He was arraigned in Greenport Court and released on bail.

*Jonathan A. Carr, 45, of Stockport was charged with second degree criminal impersonation and second degree aggravated unlicensed operation of a motor vehicle, both misdemeanors, by Sheriff’s Office Investigators Patrick Logue and Anthony Brahm, February 26 at 12:10 p.m.

Mr. Carr is accused of providing a false name to deputies who pulled him over in Greenport. He was found to have a suspended license and two active warrants out for his arrest in Greene County.

He was arraigned in Greenport Court and sent to the Columbia County Jail in lieu of $500 bail. He is scheduled to return to court at a later date.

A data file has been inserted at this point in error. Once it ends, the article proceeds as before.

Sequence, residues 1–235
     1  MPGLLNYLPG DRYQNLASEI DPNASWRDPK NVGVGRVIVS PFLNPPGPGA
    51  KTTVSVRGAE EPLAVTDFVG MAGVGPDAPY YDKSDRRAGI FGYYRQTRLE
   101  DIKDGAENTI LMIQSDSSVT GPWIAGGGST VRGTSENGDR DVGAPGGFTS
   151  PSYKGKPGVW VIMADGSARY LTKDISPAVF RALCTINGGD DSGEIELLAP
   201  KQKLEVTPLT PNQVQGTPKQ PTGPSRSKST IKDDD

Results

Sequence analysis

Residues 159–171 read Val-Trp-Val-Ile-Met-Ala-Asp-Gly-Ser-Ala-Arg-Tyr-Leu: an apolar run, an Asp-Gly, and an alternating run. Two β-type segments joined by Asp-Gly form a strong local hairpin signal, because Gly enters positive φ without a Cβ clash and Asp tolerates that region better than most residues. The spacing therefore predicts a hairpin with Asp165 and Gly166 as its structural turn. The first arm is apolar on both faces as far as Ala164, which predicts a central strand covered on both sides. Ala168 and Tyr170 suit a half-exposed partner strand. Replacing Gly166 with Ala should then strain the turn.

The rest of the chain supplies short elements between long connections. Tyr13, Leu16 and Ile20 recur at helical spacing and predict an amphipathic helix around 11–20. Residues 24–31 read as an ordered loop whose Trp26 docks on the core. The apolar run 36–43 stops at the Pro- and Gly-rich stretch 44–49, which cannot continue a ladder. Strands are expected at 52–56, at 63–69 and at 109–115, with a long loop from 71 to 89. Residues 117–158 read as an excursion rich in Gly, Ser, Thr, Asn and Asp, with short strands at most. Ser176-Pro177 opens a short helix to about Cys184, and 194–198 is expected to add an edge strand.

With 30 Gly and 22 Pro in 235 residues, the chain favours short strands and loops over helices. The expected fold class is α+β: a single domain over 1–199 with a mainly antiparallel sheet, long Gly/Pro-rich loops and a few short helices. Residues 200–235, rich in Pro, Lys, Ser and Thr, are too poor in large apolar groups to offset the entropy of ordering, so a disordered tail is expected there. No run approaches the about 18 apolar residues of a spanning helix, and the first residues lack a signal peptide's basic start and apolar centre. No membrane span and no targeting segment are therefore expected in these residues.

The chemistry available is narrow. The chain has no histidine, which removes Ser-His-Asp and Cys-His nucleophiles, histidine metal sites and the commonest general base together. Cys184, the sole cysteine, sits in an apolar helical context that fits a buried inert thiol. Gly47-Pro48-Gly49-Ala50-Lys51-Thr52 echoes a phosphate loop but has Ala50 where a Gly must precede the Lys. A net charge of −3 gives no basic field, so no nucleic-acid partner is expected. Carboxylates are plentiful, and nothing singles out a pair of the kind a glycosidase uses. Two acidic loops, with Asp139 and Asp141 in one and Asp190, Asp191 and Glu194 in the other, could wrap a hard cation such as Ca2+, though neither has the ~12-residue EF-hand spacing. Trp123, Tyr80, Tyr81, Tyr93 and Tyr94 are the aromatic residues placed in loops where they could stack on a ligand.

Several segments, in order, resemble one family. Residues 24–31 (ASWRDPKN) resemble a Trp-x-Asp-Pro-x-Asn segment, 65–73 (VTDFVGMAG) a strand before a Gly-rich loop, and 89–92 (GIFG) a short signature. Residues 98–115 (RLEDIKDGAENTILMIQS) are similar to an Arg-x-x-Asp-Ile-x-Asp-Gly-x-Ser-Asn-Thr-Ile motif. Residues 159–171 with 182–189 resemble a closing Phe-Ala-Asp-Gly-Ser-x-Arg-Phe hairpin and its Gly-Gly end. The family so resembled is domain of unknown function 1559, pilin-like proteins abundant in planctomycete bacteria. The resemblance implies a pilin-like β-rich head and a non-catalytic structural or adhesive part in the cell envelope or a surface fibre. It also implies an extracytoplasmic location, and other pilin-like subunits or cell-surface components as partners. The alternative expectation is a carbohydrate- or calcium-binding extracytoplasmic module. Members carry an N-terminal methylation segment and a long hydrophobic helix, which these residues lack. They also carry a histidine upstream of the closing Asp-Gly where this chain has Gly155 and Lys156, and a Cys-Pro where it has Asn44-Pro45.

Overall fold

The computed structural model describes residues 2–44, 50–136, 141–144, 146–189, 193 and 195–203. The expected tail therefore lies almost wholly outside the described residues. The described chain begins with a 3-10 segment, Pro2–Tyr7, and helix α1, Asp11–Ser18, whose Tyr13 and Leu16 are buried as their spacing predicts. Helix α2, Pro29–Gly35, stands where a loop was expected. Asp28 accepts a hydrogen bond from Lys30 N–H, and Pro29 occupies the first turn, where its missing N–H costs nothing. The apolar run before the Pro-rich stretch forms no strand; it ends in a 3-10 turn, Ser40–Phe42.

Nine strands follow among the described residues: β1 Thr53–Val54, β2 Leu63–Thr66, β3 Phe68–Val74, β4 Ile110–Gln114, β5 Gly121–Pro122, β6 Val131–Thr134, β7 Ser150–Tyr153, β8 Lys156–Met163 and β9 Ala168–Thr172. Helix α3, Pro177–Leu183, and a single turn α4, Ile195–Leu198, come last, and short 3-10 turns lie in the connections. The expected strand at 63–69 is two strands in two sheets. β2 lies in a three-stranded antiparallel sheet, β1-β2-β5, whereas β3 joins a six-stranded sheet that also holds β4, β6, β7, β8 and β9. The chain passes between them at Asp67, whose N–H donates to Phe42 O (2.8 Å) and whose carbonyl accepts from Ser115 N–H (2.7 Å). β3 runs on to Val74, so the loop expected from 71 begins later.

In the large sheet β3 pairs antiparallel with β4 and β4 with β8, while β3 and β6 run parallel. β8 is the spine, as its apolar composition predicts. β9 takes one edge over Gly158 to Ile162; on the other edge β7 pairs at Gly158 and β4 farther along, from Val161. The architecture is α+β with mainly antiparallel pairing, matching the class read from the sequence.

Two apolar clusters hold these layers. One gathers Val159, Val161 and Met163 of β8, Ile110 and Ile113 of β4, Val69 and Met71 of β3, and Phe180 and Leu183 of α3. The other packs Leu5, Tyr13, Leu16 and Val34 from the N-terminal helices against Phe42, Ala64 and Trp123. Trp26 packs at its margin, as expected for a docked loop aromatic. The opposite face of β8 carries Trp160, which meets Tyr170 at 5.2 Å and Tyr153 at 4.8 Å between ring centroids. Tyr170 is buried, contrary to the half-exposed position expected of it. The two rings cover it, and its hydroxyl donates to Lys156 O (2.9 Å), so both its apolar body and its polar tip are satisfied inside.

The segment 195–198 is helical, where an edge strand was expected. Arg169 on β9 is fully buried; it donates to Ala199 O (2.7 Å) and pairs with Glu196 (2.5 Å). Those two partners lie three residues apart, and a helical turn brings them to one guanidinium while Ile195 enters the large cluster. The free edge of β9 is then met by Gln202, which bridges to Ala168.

Jean Pierre Hernandez, 19, of the Brookwood Secure Facility was charged with second degree promoting prison contraband, a class A misdemeanor, by State Police from Livingston, March 3.

Mr. Hernandez allegedly illegally possessed a cellular phone. He was issued an appearance ticket ordering him to appear in Claverack Court at a later date.


The following face drug- and/or alcohol-related charges:

*Tracy J. Duprey, 28, of Craryville was charged with seventh degree criminal possession of a controlled substance and possession of a hypodermic instrument, class A misdemeanors, and unlawful possession of marijuana, a violation, by State Police from Livingston, February 23 at 8:35 p.m. Troopers stopped the car Ms. Duprey was operating for equipment violations and failure to maintain her lane of travel in Greenport. During the traffic stop, she was found to allegedly be in possession of a hypodermic needle, heroin and marijuana. She was issued tickets ordering her to appear in Greenport Court March 10.